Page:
HOWTO: Arch Linux and modules

Are you using Arch Linux? And you are seeing modules all over the place for all kinds of crazy hardware you don’t even own? Then you’ve come to the right place!

First a word of reassurance: the modules loaded will not slow down your system at all, you will only waste several hundred kilobytes of RAM. But the output of lsmod does look nicer without the modules, and the system boots a little faster without them. But beyond these considerations there is very little to be gained in terms of speed during normal operation, by making the modules disappear ;-)

Think back to when you installed Arch. At some point during the installation you may have been asked to edit a few configuration files, but we are interested in one file in particular: mkinitrd.conf

The mkinitrd.conf file is the configuration file used by the program mkinitrd, which is short for “make initial ramdisk”. I am not going to complicate matters by explaining why you need a ramdisk, but if you’re going to use one anyway, it might just as well be optimized, right?

NOTE! ==> Editing the ramdisk may render your system unbootable, so it is wise to make a fallback entry in /boot/grub/menu.lst that uses the image called /boot/initrd26-full.img This ramdisk image will load every module it can and thus ensures that you will allways be able to boot your system in case you make a big mistake when modifying the normal /boot/initrd26.img

Right, now let’s start with the tweaking:

  1. Open /etc/mkinitrd.conf read the comments and then disable all the subsystems, except the subsystem you need. You need IDE if you got an ide disk. You need SATA if you got a sata disk. Need I go on? The only subsystem you must NEVER disable (unless you know what you are doing) is the filesystem subsystem. So DISABLE_FS=1 would be a VERY big mistake. Don’t do it! Don’t even look at it! Promise? Splendid! Indeed. Well, why don’t you move on to step #2.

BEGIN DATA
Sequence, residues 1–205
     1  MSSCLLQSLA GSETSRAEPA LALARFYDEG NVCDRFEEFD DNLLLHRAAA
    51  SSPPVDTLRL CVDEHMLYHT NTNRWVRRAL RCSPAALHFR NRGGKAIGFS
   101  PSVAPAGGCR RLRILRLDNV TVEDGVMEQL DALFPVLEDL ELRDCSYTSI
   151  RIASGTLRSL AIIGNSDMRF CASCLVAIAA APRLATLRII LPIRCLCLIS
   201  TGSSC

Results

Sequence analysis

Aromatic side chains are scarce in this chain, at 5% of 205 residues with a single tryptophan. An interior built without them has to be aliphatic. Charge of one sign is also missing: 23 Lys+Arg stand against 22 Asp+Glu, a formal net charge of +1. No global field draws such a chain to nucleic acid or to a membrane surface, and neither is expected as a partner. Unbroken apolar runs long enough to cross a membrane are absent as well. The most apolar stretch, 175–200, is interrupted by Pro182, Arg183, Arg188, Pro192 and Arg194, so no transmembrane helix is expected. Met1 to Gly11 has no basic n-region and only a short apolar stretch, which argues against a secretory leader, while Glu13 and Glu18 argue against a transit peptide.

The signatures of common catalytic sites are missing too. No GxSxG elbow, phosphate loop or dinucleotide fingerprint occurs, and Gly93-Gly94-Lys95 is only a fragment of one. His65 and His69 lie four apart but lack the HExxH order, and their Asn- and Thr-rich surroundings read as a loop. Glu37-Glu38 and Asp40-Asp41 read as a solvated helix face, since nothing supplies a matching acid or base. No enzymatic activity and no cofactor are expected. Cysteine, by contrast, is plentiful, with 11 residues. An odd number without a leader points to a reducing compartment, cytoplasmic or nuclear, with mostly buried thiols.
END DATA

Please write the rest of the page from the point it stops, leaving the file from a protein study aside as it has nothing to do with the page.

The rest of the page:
2. The next option is AUTODETECT. It is experimental but don’t let that fool you, it works just fine. You enable it like this: AUTODETECT=1 And now you may proceed to step #3.
  3. I also found it necessary to specify the filesystem I use, to prevent the ramdisk from loading modules for XFS, ReiserFS and JFS (I only use Ext3). This is accomplished by configuring the FILESYSTEMS option like this: FILESYSTEMS=(“ext3”). You will no doubt be clever enough to figure out that you need to specify what filesystem you are using instead of blindly copying my example. Now you can save mkinitrd.conf and close the editor.
  4. Finally, we execute the command mkinitrd auto –show in order to create and install the new ramdisk
  5. And that’s really all there is to it. Simple, isn’t it? Quickly reboot and see what a difference this makes! Now that you’ve taken care of a veritable the maelstrom of filesystems and hostcontrollers, things should look a lot cleaner. But there may still be a couple of other modules you want to prevent from loading (such as the pcspkr module which enables the annoying pc-speaker). If you want to do that, you need to open /etc/rc.conf in an editor and add modules you don’t want to see in the output of lsmod to the MOD_BLACKLIST=() array. This is what I have in my array, for example: MOD_BLACKLIST=(pcspkr joydev gameport) If you are not sure whether you need a module, just google for it, or experiment with putting it on the blacklist.

    Good luck and have fun!

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